Resurrecting Monuments Community Archaeology Project

Resurrectng Monuments Meeting

Resurrection Monuments is a new community based archaeology project based in Baldoyle. The project has its origins in the successful Grassroots Archaeology project (2013-2014)a community archaeology project in Baldoyle which investigated a crop mark (DU015-018) identified by the Archaeological Survey of Ireland after the Seagrange housing estate was built on the land in 1973.

The project Resurrecting Monuments Communities reclaiming heritage has received grant funding from the Irish Research Council (IRC) under the New Foundations Grant Scheme 2015. The research work being undertaken by the project will be coordinated by Grassroots Archaeology and the Baldoyle Forum, working alongside Professor Gabriel Cooney of UCD. Fingal County Council will also take an active part in the project through their Heritage Officer Dr. Gerry Clabby.

The core project group comprises a mix of interested local people, local historians, amateur archaeologists led by local man Paul Duffy a professional archaeologist and supported by Heidi Bedell and the Baldolye forum.

For its initial research work the project is targeting four sites in South Fingal.
  • The Burrowfield Mound known as the Knock of Howth(DU015-019)
  • Tower Hill site of the Hurdygurdy Radio Museum is a possible Norman Motte (DU016-002001)
  • Dungriffen (The Bailey) Promontory Fort (DU0-016003)
  • An enclosure at St. Doulaghs church which has been identified by geophysical survey (DU015-009009)

Resurrecting Monuments Facebook Page

A project facebook page has been launched to post updates on progress at Resurrecting Monuments Community Further updates on the projects progress over the coming months will also be published on this site.

Resurrecting Monuments Tower Hill Excavation and Heritage Week Event

Tower Hill Excavation

Tower HillThe Project team have completed their week long excavation on Tower Hill Howth. For a summary of the days on site and photos of the excavation see more at Tower Hill Excavation

Tower Hill Heritage Week Event

The end of the week saw the group host a hertiage week event on Tower hill supported by Fingal Coumty Council, bringing to life the story of a forgotten monument. The sucessful event gave the many visitors a vivid insight into the detail of past lives through a showcase of archaeological fieldwork and research undertaken by the Resurrecting Monuments Group supported by the Claiomh living history group, Wicklow Willow, Past Visions and a disply and demo of the remote sensing technology now used in archaeology by Landscape and Geophysical Services. Some photos from the day available to view at Tower Hill Excavation

Burroughfield Mound

BurroughField Mound This site (DU015-019) is a possible prehistoric Burial Mound known locally as the Knock of Howth. It was levelled in the 1930s. The site is on the coast in Baldoyle partially on council greenspace and partially in private residence. The project will initially carry out desk based research on this site.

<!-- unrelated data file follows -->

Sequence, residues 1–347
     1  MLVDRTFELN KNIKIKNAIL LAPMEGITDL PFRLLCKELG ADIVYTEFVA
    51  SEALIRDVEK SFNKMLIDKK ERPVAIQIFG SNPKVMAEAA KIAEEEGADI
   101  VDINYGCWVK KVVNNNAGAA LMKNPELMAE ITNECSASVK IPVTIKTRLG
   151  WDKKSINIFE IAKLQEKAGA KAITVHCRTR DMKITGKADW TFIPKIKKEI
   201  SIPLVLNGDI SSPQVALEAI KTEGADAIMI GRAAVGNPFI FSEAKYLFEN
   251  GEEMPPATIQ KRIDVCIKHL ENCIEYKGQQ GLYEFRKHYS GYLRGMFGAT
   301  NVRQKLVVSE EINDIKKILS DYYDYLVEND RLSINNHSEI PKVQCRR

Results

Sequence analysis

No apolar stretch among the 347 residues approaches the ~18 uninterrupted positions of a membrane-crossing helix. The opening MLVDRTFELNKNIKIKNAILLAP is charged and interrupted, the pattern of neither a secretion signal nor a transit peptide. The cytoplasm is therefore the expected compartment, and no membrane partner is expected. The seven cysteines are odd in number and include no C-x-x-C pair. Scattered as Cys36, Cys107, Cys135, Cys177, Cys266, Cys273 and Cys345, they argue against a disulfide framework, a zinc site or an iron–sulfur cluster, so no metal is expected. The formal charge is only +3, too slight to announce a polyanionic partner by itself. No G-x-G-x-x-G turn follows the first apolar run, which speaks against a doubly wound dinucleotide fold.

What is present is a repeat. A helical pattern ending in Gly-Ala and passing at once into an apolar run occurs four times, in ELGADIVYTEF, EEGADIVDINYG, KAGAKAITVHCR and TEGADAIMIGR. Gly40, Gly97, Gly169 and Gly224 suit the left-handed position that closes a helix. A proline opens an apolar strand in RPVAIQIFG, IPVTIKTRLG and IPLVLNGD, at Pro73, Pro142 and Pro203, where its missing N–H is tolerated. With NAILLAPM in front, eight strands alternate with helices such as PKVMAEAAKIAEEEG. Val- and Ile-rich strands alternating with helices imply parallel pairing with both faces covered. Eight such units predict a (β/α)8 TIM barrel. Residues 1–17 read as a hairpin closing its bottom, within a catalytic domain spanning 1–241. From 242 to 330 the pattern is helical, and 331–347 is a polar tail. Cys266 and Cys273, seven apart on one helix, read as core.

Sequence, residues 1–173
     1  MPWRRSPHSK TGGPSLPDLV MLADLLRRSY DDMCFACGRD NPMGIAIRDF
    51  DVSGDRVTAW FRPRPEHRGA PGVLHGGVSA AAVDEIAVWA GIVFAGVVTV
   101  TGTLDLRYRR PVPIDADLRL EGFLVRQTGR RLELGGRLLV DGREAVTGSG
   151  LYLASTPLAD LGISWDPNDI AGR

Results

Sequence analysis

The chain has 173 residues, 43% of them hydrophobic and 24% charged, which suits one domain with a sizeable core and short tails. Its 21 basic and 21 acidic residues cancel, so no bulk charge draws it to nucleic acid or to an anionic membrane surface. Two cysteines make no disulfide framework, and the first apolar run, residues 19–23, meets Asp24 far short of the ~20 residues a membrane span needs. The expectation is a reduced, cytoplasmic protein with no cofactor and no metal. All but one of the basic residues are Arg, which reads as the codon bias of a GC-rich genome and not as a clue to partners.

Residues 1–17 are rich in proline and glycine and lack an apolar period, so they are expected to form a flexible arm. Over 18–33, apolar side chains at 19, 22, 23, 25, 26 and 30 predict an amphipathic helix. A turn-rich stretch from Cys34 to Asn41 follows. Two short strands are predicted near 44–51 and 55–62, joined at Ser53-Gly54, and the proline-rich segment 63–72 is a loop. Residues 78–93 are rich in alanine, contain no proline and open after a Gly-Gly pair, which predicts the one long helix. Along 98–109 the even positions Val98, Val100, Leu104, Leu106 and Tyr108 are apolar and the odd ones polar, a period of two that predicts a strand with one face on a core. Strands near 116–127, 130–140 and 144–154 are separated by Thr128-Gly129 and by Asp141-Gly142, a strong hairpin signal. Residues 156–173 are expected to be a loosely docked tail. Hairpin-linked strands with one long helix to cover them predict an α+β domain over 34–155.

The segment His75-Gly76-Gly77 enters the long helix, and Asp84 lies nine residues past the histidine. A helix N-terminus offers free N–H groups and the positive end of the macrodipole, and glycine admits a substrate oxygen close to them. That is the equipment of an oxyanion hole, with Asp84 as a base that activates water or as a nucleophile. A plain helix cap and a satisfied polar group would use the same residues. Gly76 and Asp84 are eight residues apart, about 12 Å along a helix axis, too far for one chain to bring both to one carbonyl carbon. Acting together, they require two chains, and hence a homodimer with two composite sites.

Tower Hill

Tower HillTower HillTower Hill

Tower Hill overlooking Howth Harbour and village is the site of a Martello tower which now houses the Hurdygurdy Radio Museum. An 18th century watercolour of the hill by Gabriel Beranger shows it was the site of earthworks likely to have been a 12th century motte (DU016-002001). After initial desk based research of the site the Resurrecting Monuments Group has undertaken its first field work in May, a Geophysical survey of the hilltop surrounding the Martello tower with the under the guidance of Kevin Barton of LSG ( Several non invasive complementary techniques were used for the Survey Tower Hill

  • Airborne LiDAR
  • Magnetic Susceptibility
  • Earth Resistance
  • Electrical Resistivity Tomography (ERT)

Dungriffen Promontory Fort

Dungriffen Promontory fortDungriffen Promontory fort

Anonymous to tourists and locals alike, not many people know that the promontory extending from the south east tip of Howth Head with Baily Lighthouse complex at its eastern tip is the site of a large promontory fort, Dungriffen which may date back to prehistoric times. One of seven promontory forts off the coast of Dublin, Dungriffen Promontory Fort (DU0-016003) is of a similar scale to the better known Drumanagh Promontory fort at Loughshinny north of Rush. The project group plan to carry out extensive desk based research on Dungriffen and a survey of the site this year. In the early 20th century a similiar survey was undertaken by the antiquarian Thomas Johnson Westropp.

St Doulagh's

Drumlay Crannog

An enclosure (DU015-009009)was idenified by a Geophysical survey undertaken in the field to the north of St Doulaghs church. The results of the geophysical survey show a large sub-circular enclosure with internal divisions. Subject to license approval, the Resurrenting Monuments project hopes to undertake some focused small scale, test excavations to try and date this feature which may relate to the Early Medieval origins of St Doulaghs.

Last Updated ,Sept 2015